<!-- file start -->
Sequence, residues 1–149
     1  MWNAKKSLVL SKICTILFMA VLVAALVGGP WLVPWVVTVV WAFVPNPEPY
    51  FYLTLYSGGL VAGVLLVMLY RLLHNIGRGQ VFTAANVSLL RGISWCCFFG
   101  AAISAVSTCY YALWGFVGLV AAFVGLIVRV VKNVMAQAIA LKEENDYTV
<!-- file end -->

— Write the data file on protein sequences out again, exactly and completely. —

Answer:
Sequence, residues 1–149
     1  MWNAKKSLVL SKICTILFMA VLVAALVGGP WLVPWVVTVV WAFVPNPEPY
    51  FYLTLYSGGL VAGVLLVMLY RLLHNIGRGQ VFTAANVSLL RGISWCCFFG
   101  AAISAVSTCY YALWGFVGLV AAFVGLIVRV VKNVMAQAIA LKEENDYTV